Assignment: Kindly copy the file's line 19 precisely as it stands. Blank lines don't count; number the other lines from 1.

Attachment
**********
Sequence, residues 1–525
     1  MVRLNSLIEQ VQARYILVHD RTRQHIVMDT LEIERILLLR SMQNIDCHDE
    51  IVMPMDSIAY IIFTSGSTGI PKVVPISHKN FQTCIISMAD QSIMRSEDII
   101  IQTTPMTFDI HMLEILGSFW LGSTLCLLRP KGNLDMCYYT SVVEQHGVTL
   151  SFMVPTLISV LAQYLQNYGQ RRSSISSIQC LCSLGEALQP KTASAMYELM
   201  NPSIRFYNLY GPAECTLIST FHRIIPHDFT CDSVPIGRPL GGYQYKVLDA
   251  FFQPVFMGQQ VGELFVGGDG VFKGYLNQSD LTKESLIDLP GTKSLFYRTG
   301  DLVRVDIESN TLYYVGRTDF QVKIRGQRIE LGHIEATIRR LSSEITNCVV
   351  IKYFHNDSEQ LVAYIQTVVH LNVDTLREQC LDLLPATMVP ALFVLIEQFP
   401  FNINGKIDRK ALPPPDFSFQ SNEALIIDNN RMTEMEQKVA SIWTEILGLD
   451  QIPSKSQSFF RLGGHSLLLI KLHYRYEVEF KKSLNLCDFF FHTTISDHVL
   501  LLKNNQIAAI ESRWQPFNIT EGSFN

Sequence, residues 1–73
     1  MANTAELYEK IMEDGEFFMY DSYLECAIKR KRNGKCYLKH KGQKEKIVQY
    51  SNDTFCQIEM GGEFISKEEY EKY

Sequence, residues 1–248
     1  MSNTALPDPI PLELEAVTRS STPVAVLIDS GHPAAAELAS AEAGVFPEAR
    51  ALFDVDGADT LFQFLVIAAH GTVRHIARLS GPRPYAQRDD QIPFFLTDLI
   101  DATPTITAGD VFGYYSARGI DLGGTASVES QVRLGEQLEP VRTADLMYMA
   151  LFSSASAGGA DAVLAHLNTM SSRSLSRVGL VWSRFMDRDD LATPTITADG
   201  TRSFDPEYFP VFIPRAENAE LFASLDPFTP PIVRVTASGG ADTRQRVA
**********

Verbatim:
   101  DATPTITAGD VFGYYSARGI DLGGTASVES QVRLGEQLEP VRTADLMYMA